and Fredericksburg and the Culpeper and Fredericksburg roads. We left this position with the brigade, accompanying it in line of battle. Advanced some distance, and moved by the left flank along the Orange and Fredericksburg road, and took position soon after dark in the woods from which the enemy had been driven that evening. We changed position frequently that night, and finally, toward morning, occupied position in the woods to the left of the Plank road.
Very soon after daylight the shelling commenced, to which we were exposed. About 6.30 a. m. we moved by the right flank at a double-quick across the Plank road, and took position in the rear of the works the enemy had occupied the day before, and from which they had been driven. We remained here long enough to form properly, and then moved forward in line of battle across these works to about the center of the woods, in which the enemy's intrenchments were placed, and commenced firing. We occupied this position without advancing for nearly an hour, during the whole of which time we were hotly engaging the enemy.
About half an hour after we advanced to this position, Colonel [James K.] Edmondson was severely wounded in the left arm while gallantly encouraging his men by his words and example.
Finding that the regiments on our right had fallen back, and having been previously ordered to be governed in our movements by the right or left of the brigade, we also fell back to the barricades. Soon forming, we the second time moved forward (finding that a brigade behind the intrenchments, to whose support we had been ordered, did not advance), passing over the barricade and the heads of hundreds of men who were crouching behind it, advancing through the woods, and driving the enemy from the hill and finally from their intrenchments. Being exposed to the fire of the enemy's batteries, not having any support, and not being strong enough to advance, we retired to the barricades thrown up by the enemy.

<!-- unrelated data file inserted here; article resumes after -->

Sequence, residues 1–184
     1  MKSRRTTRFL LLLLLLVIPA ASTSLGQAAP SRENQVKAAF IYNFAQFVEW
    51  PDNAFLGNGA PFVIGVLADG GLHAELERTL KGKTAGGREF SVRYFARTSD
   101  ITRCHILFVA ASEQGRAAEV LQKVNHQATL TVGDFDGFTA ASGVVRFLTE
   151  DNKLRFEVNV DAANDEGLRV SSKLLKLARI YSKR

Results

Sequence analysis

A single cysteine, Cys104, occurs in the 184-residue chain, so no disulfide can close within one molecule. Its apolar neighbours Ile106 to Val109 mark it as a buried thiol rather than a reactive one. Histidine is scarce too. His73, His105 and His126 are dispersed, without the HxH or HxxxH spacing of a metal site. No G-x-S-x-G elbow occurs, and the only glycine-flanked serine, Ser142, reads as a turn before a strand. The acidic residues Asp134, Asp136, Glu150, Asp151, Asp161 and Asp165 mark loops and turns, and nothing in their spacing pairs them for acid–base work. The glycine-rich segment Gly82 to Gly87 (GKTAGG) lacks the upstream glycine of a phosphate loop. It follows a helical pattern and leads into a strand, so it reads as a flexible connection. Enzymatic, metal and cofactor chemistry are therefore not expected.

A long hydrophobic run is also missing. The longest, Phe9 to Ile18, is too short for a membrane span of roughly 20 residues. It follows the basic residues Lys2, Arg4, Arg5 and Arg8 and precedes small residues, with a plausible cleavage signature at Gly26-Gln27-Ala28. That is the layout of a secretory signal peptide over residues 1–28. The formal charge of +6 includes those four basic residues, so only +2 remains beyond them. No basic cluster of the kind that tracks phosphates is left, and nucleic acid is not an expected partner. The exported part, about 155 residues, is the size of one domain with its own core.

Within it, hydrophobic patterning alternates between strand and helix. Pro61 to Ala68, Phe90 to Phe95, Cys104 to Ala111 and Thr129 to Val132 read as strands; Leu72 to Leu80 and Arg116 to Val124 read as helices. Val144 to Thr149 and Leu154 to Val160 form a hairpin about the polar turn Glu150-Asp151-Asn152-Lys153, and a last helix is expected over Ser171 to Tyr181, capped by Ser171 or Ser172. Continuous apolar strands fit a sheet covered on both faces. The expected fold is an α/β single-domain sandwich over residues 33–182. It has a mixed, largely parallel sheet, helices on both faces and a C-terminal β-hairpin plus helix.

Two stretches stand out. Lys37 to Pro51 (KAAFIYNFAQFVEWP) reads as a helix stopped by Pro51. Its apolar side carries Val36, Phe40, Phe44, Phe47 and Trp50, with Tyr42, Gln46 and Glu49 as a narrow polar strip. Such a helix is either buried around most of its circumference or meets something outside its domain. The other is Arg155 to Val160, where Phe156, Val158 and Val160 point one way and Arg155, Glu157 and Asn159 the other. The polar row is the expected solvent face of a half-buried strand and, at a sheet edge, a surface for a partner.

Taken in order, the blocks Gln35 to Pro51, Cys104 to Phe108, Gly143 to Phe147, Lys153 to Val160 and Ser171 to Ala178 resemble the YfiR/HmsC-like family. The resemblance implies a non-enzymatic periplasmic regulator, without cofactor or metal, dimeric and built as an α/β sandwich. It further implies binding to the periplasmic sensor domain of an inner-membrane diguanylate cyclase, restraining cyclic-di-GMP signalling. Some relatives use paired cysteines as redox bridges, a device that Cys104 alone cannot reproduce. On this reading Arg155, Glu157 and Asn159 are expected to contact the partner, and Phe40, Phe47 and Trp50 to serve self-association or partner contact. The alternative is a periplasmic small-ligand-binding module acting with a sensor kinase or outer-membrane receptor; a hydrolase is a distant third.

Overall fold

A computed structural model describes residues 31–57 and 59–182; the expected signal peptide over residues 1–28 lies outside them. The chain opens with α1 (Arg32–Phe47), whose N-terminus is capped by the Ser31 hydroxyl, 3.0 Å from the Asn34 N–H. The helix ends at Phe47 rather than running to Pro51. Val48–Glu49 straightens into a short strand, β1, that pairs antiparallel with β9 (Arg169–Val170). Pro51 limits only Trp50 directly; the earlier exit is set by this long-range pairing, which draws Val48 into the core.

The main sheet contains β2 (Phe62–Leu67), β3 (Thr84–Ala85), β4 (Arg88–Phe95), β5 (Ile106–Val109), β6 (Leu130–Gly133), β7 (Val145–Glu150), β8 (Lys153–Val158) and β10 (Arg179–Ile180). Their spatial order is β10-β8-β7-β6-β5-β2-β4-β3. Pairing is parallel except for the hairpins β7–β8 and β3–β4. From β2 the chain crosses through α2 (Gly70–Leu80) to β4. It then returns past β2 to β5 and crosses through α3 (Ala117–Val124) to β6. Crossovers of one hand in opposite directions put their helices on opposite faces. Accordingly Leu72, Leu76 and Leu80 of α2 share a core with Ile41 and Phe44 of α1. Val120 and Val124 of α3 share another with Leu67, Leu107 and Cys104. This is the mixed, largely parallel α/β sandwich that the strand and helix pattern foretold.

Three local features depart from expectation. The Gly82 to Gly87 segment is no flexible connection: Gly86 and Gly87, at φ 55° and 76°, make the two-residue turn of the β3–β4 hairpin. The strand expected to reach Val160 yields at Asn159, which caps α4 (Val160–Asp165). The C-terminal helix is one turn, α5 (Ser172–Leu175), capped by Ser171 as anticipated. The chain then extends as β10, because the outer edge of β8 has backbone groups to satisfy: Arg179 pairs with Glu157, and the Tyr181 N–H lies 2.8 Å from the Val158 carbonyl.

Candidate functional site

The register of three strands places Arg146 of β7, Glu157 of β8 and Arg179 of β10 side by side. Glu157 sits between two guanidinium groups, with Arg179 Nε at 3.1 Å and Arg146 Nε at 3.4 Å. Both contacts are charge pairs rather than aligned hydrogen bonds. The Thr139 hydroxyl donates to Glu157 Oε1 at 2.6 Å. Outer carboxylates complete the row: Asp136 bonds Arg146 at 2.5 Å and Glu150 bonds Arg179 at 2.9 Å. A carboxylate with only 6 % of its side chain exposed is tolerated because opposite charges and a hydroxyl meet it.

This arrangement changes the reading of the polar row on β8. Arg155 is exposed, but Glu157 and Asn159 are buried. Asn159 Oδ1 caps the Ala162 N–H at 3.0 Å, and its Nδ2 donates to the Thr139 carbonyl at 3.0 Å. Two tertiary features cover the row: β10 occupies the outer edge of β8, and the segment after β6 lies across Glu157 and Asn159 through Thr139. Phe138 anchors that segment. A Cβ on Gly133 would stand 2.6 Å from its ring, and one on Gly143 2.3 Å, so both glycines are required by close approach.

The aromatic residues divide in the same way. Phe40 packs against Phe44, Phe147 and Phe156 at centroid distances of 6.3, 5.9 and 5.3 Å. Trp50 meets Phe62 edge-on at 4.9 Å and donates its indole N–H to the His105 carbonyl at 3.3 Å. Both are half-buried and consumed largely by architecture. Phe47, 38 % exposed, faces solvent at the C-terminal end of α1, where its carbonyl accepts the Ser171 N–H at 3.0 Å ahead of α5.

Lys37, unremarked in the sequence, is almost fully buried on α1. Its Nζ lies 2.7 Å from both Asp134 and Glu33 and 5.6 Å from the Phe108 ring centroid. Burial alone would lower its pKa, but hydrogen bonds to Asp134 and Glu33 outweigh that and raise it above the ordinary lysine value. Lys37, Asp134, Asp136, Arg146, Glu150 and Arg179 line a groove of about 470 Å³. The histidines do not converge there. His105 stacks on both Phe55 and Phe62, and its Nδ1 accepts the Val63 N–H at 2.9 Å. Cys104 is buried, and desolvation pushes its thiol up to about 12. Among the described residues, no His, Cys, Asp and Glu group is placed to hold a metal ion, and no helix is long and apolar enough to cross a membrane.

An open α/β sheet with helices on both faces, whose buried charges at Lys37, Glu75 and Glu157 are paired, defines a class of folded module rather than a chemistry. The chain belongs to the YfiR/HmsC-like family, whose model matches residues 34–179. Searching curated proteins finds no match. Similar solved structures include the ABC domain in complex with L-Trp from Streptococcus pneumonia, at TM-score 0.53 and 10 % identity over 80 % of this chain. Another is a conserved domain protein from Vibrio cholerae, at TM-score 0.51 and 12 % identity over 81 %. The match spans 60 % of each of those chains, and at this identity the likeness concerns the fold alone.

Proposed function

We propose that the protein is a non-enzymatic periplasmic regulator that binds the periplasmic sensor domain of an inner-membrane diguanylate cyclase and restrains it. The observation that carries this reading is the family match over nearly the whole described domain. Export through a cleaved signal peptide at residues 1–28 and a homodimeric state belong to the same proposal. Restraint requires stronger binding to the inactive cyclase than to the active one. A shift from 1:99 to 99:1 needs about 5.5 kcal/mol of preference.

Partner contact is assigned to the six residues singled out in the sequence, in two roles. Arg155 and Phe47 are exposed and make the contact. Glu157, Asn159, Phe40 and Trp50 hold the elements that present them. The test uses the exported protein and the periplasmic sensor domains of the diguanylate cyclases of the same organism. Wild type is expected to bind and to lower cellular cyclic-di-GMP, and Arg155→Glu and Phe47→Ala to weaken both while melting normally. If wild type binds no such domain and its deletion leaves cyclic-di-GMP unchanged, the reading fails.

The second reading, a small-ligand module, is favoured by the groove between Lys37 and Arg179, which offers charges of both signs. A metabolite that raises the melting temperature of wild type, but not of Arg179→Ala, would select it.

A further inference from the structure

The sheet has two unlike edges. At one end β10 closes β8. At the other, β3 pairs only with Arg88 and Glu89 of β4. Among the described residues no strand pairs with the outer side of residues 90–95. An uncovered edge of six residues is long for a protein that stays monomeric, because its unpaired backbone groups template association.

Reforming, we marched out to the Plank road, passing Chancellorsville, and, turning to the left into a road, marched a short distance on it, and again formed line of battle in the woods, being subjected in the meantime to a tremendous shelling from the enemy's batteries. We remained in this position until night, our skirmishers being closely engaged during this period with those of the enemy.
After dark, we moved out on the Plank road, and bivouacked for the night.
On the morning of the 4th, and during the whole of the day, we were employed in throwing up breastworks.
We remained in line of battle behind these breastworks until the morning of the 7th, when the brigade received orders to return to Hamilton's Crossing.
Of the conduct of the officers and men too much cannot be spoken in praise. Each and all behaved with great gallantry and that coolness which is so essential to the accomplishment of decisive results. Conspicuous for gallant conduct, I would mention Captain Phil. F. Frazer, Color Corporal Howard Fisher, and Private William K. Kahle, Company H.
We deplore the loss of many brave soldiers. We deeply feel the loss of Lieutenant [George W.] Hall, Company D, and William Scanlan, first sergeant, Company C.
Color Sergeant Hutchison having been wounded, the colors were taken in turn by Corporal Boyd and Corporal Baker, who were successively wounded, the staff being shot in two in their hands.